Crawford continued to distinguish himself and legitimize his vast skills Tuesday when he received his third consecutive Rawlings National League Gold Glove Award for defensive excellence at his position.
By besting fellow finalists Freddy Galvis of the Phillies and Corey Seager of the Dodgers, Crawford, 30, became the first Giants player to capture at least three consecutive Gold Gloves since first baseman J.T. Snow garnered four straight from 1997-2000.
Only four other Giants have won at least three Gold Gloves since the award's inception in 1957: Snow, center fielder Willie Mays (12), left fielder Barry Bonds (five) and his father, right fielder Bobby Bonds (three).
Crawford received his latest honor in the wake of a difficult season. His sister-in-law died in April. Then the Giants proceeded to finish last in the NL West with a 64-98 record.
"It was definitely a tough season, on the field and off the field," Crawford said. "It's an individual award, but to at least get some sort of positive out of this season is still nice."
• Past NL Gold Glove Award winners | 2017 winners
Six other shortstops have won at least three Gold Gloves in a row: Cincinnati's Roy McMillan (1957-59), Cincinnati's Dave Concepcion (1974-77), Ozzie Smith of the Padres and Cardinals (1980-92), Cincinnati's Barry Larkin (1994-96), the Mets' Rey Ordonez (1997-99) and Philadelphia's Jimmy Rollins (2007-09).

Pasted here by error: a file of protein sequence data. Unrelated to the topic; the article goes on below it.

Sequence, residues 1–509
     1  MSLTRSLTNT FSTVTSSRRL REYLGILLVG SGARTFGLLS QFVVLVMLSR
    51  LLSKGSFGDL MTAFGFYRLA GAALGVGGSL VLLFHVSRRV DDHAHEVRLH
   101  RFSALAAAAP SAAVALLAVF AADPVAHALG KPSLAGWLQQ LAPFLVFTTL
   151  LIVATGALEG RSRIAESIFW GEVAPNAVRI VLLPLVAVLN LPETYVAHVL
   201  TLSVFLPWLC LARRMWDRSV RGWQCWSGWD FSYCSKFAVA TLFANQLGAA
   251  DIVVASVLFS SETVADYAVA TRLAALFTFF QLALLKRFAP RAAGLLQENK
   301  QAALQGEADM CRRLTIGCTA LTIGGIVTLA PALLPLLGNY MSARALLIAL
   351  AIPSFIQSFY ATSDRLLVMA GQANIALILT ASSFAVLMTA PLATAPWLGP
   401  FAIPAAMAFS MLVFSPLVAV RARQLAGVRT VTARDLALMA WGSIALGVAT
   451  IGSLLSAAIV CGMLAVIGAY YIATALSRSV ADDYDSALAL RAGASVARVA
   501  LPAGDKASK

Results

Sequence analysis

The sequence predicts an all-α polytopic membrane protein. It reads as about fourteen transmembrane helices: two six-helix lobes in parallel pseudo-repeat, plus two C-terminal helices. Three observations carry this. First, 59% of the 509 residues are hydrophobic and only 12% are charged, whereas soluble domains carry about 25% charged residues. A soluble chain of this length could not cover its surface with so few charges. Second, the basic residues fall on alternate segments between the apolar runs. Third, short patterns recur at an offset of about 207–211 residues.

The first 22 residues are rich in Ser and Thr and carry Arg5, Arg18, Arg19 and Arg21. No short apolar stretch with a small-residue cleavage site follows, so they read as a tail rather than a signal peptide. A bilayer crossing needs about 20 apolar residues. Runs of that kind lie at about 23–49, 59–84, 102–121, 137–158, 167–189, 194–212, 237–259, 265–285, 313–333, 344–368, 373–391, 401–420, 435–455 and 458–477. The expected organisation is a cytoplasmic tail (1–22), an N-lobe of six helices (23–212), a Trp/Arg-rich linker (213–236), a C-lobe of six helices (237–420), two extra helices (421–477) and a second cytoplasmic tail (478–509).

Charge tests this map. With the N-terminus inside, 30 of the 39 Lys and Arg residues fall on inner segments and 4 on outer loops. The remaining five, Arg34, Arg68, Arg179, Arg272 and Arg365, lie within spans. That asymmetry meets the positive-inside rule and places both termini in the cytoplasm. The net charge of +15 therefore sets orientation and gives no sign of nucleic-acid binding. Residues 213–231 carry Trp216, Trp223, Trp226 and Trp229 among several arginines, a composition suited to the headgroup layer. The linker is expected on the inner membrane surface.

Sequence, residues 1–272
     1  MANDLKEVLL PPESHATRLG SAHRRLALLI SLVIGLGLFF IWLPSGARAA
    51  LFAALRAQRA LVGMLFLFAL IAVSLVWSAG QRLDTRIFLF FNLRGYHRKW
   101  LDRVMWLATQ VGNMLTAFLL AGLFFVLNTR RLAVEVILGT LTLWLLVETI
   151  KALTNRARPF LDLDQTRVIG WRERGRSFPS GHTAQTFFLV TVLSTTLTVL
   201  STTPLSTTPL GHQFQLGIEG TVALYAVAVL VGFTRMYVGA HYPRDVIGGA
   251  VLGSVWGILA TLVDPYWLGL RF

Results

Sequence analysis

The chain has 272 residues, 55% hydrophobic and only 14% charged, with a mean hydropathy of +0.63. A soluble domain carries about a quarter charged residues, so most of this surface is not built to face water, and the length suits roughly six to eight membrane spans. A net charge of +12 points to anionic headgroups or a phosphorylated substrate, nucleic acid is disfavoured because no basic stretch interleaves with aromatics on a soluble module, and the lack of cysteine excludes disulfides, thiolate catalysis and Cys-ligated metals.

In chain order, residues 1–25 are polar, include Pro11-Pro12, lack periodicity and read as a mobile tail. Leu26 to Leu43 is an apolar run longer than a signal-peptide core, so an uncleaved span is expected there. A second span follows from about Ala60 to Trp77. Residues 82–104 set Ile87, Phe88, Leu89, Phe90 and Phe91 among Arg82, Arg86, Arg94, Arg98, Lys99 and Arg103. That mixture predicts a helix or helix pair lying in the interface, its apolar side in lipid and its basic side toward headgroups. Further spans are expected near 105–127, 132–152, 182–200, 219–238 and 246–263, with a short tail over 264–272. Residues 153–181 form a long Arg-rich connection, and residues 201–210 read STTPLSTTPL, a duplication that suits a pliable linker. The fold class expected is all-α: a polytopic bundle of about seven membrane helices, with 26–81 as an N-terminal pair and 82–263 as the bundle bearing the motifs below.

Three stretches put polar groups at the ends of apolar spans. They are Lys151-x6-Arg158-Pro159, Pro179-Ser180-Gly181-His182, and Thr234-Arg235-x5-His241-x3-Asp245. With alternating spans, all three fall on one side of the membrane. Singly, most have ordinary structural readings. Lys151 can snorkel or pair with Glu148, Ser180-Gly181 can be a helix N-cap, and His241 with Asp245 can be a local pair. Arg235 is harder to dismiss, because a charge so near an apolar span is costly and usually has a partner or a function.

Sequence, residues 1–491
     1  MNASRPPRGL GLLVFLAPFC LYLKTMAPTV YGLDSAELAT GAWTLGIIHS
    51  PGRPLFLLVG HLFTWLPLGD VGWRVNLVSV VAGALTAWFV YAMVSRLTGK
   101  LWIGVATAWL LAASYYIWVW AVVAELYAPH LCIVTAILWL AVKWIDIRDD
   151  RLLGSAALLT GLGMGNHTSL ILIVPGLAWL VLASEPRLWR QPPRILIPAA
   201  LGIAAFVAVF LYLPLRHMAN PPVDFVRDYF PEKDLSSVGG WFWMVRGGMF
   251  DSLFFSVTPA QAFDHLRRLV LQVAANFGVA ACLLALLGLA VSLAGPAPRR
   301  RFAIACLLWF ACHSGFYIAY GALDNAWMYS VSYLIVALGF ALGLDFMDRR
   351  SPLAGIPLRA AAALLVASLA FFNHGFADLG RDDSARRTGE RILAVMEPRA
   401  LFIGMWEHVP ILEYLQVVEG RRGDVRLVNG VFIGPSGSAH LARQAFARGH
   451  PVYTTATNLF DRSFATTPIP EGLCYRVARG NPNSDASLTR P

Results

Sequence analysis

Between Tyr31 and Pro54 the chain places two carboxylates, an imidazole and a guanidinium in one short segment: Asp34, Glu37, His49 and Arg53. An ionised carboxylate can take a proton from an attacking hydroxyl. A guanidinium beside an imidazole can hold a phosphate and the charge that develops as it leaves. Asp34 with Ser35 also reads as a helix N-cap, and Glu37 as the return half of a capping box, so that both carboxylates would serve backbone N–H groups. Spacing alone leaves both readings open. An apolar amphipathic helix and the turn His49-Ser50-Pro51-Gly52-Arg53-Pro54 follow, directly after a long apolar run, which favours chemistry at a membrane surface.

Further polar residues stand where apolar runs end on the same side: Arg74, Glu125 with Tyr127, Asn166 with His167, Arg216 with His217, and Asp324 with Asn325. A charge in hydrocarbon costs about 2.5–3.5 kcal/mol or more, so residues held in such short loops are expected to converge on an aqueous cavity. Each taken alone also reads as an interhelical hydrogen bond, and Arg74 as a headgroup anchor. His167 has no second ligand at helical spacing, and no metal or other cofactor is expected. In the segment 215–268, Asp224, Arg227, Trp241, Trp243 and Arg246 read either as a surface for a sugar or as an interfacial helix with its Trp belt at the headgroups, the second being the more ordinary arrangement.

This group is nothing if not select. McMillan was one of the most highly respected defenders of his era. Concepcion was an essential cog in the Big Red Machine. Smith and Larkin are Hall of Famers. Nobody who saw the spectacular Ordonez play will forget him. Rollins was an all-around threat and the 2007 NL MVP Award winner.
With his pair of World Series rings and 2015 NL Silver Slugger Award among his credentials, Crawford fits nicely with this group.
"Just to be able to win one any year is definitely an accomplishment that I'll take with me for a long time," Crawford said.
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Of course, Crawford compared favorably against his contemporaries. He topped NL shortstops in ultimate zone rating (7.0) and overall defensive rating (13.2) and finished third with a .982 fielding percentage, a range factor of 4.46 and 9.0 defensive runs saved.
Giants catcher Buster Posey was a finalist but did not repeat as an NL Gold Glove Award winner. The concussion that sidelined first baseman Brandon Belt could have been a factor. It led to Posey starting 30 games at first while limiting him to 99 appearances behind the plate. By contrast, Cincinnati's Tucker Barnhart, the NL's Gold Glove-winning catcher, caught in 110 games.